The Orphans Are Dead. (c)

Back in May I posted a link about the Orphan Works Bill taken up by Congress. Though it would not have provided a sorely needed recodification of the rather burdensome and vague US Copyright Code, it would have provided some measure of protection to those who desire to advance the field of knowledge by building upon the work of an author who has been either unresponsive to a researcher’s attempts at securing copyright permissions or whose location and contact information are unknown. This protection would have come in the form of limiting judicial remedies in cases where an author or other copyright owner who had been unresponsive to a diligent, good-faith effort on the part of a researcher subsequently sued.

Anyway, the Senate passed the bill but it has since died a quiet death in the House. I agree (I think) with Lawrence Lessig’s NTY argument that what constitutes a “good-faith effort” may have been too vague in this bill, but I hate to throw out the orphan with the bathwater. Lessig points out the problem:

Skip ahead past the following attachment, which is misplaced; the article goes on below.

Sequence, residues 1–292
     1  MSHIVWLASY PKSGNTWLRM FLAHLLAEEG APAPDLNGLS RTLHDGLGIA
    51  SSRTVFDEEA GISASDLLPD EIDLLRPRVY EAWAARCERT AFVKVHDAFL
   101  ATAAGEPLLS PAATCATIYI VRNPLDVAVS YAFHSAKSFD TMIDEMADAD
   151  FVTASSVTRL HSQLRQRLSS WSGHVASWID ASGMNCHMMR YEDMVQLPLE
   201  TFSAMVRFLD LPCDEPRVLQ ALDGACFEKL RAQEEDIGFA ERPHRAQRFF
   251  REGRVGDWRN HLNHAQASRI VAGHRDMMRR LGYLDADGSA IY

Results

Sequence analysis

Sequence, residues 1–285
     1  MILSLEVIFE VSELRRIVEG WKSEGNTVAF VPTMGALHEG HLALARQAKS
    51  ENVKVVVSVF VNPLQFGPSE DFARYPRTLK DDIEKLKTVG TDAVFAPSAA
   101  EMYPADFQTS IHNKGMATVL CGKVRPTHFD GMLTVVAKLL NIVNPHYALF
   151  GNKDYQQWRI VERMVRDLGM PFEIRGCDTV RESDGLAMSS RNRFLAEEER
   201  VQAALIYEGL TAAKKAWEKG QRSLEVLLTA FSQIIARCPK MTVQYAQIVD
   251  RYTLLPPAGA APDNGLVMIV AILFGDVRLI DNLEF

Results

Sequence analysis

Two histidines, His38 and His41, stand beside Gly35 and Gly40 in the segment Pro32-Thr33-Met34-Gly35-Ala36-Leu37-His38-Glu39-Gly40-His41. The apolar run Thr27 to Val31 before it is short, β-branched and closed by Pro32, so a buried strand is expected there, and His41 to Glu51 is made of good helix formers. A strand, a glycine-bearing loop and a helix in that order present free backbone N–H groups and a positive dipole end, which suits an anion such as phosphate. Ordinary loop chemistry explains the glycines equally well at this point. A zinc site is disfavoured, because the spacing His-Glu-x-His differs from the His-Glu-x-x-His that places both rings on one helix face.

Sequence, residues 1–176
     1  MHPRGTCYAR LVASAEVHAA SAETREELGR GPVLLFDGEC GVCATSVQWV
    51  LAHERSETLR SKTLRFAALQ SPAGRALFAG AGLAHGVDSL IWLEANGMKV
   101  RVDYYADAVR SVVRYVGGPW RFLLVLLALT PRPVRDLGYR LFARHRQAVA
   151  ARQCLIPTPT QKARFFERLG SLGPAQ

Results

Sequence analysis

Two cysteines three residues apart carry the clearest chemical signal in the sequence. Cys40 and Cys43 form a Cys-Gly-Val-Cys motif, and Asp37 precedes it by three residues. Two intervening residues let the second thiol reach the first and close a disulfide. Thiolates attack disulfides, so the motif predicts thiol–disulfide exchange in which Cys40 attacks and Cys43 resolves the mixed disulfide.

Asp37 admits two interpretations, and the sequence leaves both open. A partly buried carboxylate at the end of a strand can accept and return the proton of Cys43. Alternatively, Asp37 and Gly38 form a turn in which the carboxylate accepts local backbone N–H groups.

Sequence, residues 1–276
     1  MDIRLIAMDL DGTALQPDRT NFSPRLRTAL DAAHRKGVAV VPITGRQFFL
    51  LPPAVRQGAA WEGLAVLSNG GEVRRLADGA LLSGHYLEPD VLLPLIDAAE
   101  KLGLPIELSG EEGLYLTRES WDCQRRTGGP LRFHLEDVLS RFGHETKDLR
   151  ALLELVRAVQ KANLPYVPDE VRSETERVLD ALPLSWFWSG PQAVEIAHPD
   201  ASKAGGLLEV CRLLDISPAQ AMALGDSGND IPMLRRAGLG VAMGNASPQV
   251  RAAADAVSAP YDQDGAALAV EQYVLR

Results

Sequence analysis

The Congressional Research Service has estimated that just 2 percent of copyrighted works that are 55 to 75 years old retain any commercial value. Yet the system maintains no registry of copyright owners nor of entities from which permission to use a copyrighted work can be sought. The consequence has been that an extraordinary chunk of culture gets mired in unnecessary copyright regulation.

On a related note, I urge all my readers who are Members of Congress (ha!) to consider and act on the recommendations by the Section 108 Study Group sponsored by the Library of Congress.

There. I feel better getting that off my chest.

Oh, and the fastest way to kill a blog and lose readers? Begin blogging about copyright law.

2 Comments Add yours

  1. Heh, I really don’t think the fastest way to kill a blog is to blog about copyright law. I actually find it interesting. 🙂

    Regarding the problem pointed out by Lessig: Do you think some sort of registry would be the solution? Perhaps shifting the burden toward the persons that hold the copyrights in the first place would be a good way to start. Make them update [insert time frame: years? decade?] Or they lose rights to it.

  2. Barbara P says:

    I don’t like to read about frustrating situations that I can’t do anything about.

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